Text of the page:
The Department for Business, Energy & Industrial Strategy (BEIS) has updated its guidance to Calculating the Minimum Wage in relation to sleep-ins.
The High Court has decided that South Yorkshire firefighters working four days, and being on call for four nights, were working in breach of the Working Time Regulations and, therefore, their shift arrangements had to be reviewed.
The Working Time Regulations provide workers with the following rest periods and breaks unless they are excluded workers or exempt:
- 11 hours uninterrupted rest per day (“daily-rest period”);
- 24 hours uninterrupted rest per week or 48 hours uninterrupted rest per fortnight (“weekly-rest period”); and
- Rest breaks at work – a rest break of 20 minutes when working more than 6 hours per day.
The provisions entitling workers to 11 hours rest per day and 24 hours rest per week (or 48 hours per fortnight) do not apply for either of the following:
- Shift workers when they change shift and cannot take a daily or weekly rest period between the end of one shift and the start of the next.
- Workers whose duties involve periods of work split up over the day, such as cleaning or catering staff working split shifts.
Should workers be exempt, “compensatory rest” will usually have to be given – i.e. if a worker is required to work during a period that would otherwise have been a rest period or rest break, the employer "shall wherever possible, allow [the worker] to take an equivalent period of compensatory rest, and in exceptional cases in which it is not possible, for objective reasons, to grant such a period of rest, [the] employer shall afford [the worker] such protection as may be appropriate in order to safeguard the worker's health and safety."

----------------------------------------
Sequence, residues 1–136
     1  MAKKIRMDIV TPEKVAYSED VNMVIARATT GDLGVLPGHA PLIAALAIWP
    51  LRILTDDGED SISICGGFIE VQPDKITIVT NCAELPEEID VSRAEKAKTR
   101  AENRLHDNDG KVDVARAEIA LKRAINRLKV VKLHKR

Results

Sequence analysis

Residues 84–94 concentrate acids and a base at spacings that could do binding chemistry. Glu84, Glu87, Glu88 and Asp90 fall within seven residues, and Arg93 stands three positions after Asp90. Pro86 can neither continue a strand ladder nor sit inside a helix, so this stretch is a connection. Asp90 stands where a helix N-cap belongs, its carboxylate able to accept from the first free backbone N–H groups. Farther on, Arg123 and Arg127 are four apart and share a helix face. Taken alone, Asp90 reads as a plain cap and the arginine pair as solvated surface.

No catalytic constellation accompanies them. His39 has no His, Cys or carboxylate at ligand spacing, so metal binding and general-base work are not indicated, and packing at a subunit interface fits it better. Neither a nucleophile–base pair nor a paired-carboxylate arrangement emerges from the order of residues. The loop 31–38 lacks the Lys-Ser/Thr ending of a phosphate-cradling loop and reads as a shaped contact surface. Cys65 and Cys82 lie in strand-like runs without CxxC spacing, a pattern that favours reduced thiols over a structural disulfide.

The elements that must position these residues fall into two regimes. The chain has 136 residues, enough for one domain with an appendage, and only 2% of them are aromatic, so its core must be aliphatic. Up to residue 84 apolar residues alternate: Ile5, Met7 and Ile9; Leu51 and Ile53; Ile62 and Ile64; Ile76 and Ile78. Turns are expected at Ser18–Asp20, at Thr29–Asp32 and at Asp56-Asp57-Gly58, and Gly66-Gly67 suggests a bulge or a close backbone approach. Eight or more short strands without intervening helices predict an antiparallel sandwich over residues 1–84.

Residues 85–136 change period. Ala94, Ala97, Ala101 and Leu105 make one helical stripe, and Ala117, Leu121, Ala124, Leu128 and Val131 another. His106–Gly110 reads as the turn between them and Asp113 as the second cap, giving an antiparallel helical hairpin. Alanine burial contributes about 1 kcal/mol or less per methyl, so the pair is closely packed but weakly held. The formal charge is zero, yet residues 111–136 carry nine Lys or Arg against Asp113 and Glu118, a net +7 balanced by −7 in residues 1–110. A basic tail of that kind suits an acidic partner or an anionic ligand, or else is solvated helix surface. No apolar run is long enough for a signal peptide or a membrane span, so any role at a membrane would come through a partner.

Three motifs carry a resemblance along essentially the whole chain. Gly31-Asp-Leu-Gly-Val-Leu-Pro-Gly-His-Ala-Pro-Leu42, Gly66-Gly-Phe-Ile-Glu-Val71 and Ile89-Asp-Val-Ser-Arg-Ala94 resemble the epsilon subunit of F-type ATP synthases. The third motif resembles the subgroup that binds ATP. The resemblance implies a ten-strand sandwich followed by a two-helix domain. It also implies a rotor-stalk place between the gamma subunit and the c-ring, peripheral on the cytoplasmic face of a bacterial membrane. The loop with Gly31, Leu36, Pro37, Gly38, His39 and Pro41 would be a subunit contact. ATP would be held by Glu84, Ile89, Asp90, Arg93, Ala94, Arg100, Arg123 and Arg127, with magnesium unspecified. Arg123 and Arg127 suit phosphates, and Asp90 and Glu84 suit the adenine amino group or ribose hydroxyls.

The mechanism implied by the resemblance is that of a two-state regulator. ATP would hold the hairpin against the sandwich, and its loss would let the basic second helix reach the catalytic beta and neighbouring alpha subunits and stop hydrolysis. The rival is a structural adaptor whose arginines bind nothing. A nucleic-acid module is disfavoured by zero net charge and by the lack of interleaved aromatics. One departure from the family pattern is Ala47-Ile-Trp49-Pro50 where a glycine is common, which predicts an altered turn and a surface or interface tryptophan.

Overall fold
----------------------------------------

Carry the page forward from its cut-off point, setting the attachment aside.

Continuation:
South Yorkshire Fire and Rescue Authority (the Authority) operated a shift pattern at some fire stations known as "close-proximity crewing" (CPC), which involved a four-day shift of being on call at night. Under the Working Time Regulations, the time spent waiting or "on call" at the workplace, or at another place chosen by the employer, counts as “working time” and therefore both the daytime working and the CPC counted as working time, amounting to a continuous period of 96 hours working time. The Fire Brigade Union (the Union) brought an application for judicial review arguing that the CPC breached rest entitlements under the Working Time Regulations.
The Authority admitted that the CPC shift pattern breached the right to a daily rest period of 11 consecutive hours in each 24-hour period of work, but argued that the shift worker exemption applied.
The court found that CPC involved one continuous shift and that therefore it could not be argued that the workers could not take a break between their shifts, i.e. between the end of one shift and the start of the next. Furthermore, the Authority had failed to offer the necessary compensatory rest.
This case is another reminder that the employers’ obligations are under the Working Time Regulations regarding allowing workers rest periods and the fact that Courts are not sympathetic to employers seeking to argue an exemption under the Regulations.
For more information
We have advised a significant number of clients in both the social care sector and the housing sector on structuring their live-in care, sleep-in and on-call arrangements to ensure compliance. For a further briefing on this issue, please click here.
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